Bell was hardly the goat and Luis Castillo — game-winning hitter after Milledge, Mike DiFelice, Marlon Anderson and Jose Reyes did their ninth-inning parts — wasn't the only clutch performer, but I found their roles in this passion play of a baseball game instructive. These are two guys who seem to represent something to a good-sized segment of Mets fans.
• Heath Bell was the Overlooked Reliever who never got a chance from management who didn't understand what they had.
• Luis Castillo is the dreaded veteran who gets too much of the benefit of the doubt when in fact there is little in his current portfolio to merit it.
Nonsense I say to both dogmatic characterizations.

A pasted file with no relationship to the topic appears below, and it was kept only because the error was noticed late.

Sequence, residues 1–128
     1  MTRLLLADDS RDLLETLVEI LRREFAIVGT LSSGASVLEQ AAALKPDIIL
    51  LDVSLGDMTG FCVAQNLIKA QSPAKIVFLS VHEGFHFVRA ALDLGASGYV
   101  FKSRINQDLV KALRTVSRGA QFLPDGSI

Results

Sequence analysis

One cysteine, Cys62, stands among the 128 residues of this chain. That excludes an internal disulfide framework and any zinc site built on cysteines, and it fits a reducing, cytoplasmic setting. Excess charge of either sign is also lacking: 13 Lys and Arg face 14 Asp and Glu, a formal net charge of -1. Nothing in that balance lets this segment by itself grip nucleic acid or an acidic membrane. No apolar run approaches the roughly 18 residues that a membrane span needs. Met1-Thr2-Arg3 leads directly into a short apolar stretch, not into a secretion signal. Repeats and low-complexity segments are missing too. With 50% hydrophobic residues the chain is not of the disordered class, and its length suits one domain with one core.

Castillo has vindicated my relative faith  in him, though I imagine there will be nights when he pops up four times and I ask what the hell Omar saw in him. Likewise, Bell may very well come in the next two nights and yield nothing to Beltran and make me wonder why we wasted him and Royce Ring on Jon Adkins and Ben Johnson.
But those are the actual ballplayers Heath Bell and Luis Castillo. They'll have their ups and downs. There will be nights when I'll be proven dead right about both — I didn't ever want to look  at Heath Bell in a Mets uniform ever again after his multiple callups between 2004 and 2006 yielded little in the way of substantial performance and I was reasonably happy to have obtained Luis Castillo because I'm not at all convinced of the specialness that many have assigned to Ruben Gotay — and there will be nights when I will be proven dead wrong. That's baseball and that's fine.